A 360-degree View of Arlington’s Annual Feel the Heritage Festival (2018)

Arlington's Feel the Heritage Festival as held at the Charles Drew Community Center on Feb. 24, 2018.

Heroes of Fire Station 8 (Hall’s Hill) (2016)

On Sat., May, 21 2016, retired firefighters who served at Arlington Virginia's historic Fire Station 8 in the Hall's Hill neighborhood were honored at an event at the National Rural Electric Cooperative Association. Honorees included Capt. Hartman Reed, Julian Syphax and Carl Cooper, who remembered the challenges of being African-American firefighters in the pre-civil rights era.

Back to Stratford: Honoring Arlington’s History Makers (2016)

On Feb. 2, 1959, four African American seventh-graders entered Stratford Junior High School, marking the beginning of the end of the Commonwealth of Virginia’s practice of public school segregation. They were the first African American students in Arlington County to attend their neighborhood school rather than a segregated school.

On Tues., Feb. 2, 2016, three of the four of the original integrating students returned to the Stratford Building, now home to the H-B Woodlawn Secondary Program. Fifty-seven years ago on that day, they had to negotiate a battalion of helmeted police officers protecting the perimeter of the school grounds. This time, they were honored participants in a special evening, “Celebrating Arlington’s History Makers.”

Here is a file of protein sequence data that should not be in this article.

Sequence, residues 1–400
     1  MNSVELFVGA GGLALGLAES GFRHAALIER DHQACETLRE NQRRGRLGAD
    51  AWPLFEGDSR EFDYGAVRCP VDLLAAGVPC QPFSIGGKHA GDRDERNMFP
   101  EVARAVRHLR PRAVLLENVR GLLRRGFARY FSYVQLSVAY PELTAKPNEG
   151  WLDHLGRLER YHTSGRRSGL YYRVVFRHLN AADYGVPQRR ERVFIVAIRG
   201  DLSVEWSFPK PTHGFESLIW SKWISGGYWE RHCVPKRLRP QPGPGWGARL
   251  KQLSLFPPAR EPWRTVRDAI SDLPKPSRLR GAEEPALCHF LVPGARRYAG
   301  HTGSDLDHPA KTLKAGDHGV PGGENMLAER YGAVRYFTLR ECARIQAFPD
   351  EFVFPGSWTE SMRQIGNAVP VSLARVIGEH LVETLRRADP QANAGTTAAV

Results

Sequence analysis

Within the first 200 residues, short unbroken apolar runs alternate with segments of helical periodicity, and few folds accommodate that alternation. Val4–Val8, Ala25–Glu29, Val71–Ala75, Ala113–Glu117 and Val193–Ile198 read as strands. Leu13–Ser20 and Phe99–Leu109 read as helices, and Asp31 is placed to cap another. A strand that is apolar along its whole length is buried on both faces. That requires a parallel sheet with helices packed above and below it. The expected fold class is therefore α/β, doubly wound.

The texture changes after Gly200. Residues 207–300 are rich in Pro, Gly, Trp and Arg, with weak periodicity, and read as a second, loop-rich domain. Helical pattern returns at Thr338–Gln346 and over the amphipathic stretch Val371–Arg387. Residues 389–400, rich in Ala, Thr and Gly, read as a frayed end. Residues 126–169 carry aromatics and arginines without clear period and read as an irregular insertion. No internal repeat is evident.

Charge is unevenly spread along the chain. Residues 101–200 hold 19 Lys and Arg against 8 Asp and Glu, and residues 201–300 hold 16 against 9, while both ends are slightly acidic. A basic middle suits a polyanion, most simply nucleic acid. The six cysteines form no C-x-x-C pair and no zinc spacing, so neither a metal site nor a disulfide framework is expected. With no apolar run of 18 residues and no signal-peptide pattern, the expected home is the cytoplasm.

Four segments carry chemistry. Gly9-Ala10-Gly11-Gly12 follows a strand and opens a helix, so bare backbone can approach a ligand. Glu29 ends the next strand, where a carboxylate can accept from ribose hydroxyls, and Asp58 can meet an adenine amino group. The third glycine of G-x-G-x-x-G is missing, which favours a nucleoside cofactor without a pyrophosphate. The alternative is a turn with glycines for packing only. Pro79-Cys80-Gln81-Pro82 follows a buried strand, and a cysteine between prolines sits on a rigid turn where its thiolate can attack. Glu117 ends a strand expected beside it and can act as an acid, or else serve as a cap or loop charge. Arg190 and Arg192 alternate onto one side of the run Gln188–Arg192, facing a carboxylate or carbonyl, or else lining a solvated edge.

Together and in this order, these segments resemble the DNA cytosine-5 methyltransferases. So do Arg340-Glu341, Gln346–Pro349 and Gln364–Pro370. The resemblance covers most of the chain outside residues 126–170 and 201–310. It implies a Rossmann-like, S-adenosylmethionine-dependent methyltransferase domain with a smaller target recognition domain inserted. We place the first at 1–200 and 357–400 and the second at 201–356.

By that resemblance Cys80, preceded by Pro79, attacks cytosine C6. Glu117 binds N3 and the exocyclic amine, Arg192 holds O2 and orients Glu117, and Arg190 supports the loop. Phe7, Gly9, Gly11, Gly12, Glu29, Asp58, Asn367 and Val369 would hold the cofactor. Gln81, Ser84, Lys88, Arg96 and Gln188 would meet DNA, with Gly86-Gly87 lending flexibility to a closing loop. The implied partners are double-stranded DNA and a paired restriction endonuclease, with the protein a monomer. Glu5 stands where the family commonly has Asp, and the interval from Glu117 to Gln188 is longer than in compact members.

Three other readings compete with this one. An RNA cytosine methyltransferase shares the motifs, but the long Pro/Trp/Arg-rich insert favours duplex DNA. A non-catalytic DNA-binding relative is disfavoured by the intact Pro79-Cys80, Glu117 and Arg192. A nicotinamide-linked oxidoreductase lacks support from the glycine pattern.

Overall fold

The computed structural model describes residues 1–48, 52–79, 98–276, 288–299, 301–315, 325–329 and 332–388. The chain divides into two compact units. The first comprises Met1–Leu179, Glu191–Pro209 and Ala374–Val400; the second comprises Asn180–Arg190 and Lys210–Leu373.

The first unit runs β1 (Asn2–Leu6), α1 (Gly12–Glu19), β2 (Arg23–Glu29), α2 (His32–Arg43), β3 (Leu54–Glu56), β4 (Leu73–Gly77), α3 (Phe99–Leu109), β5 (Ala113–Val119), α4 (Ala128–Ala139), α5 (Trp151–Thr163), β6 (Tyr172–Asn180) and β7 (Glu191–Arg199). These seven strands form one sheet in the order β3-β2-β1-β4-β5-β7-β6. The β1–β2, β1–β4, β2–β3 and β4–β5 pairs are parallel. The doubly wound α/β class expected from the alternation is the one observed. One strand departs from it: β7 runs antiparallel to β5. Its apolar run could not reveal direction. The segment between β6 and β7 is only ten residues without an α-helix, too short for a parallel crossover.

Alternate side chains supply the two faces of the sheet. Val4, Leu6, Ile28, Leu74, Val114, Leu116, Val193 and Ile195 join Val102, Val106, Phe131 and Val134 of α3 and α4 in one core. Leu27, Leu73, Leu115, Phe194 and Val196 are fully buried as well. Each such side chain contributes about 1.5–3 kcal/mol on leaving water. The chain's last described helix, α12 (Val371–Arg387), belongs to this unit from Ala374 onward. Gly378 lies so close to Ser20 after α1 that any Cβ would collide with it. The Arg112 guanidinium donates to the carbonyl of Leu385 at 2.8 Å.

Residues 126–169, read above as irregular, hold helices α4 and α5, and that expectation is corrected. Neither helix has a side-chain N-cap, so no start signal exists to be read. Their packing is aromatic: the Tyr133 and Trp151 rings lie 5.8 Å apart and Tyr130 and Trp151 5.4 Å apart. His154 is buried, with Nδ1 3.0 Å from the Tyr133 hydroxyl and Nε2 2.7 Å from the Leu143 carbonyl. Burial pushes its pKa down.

The former students — Michael Jones, Lance Newman and Ronald Deskins — joined a distinguished panel of community members in Stratford Auditorium, where the public joined the County in honoring them and the community effort that helped bring about integration. The other panelists included:

  • Alfred O. Taylor, Jr., an educator, civic activist and leader, community historian, and author of the newly published “Bridge Builders of Nauck/Green Valley – Past and Present.”
  • Sharon Mondé, an Arlington Public Schools graduate who made her career with APS, serving as a foreign language teacher, Minority Achievement Coordinator, and principal of Jefferson Middle School.
  • Carmela Hamm, formerly with Commonwealth Public Broadcasting where she directed broadcasts of the VA State Senate. She also is a documentary filmmaker, and  daughter of Dorothy M. Bigelow Hamm, a leader in Arlington’s struggle to integrate its public schools.
  • Martha Miller, a former teacher at Stratford Jr. High School during the time of integration and author of her memoir entitled “The First Century.”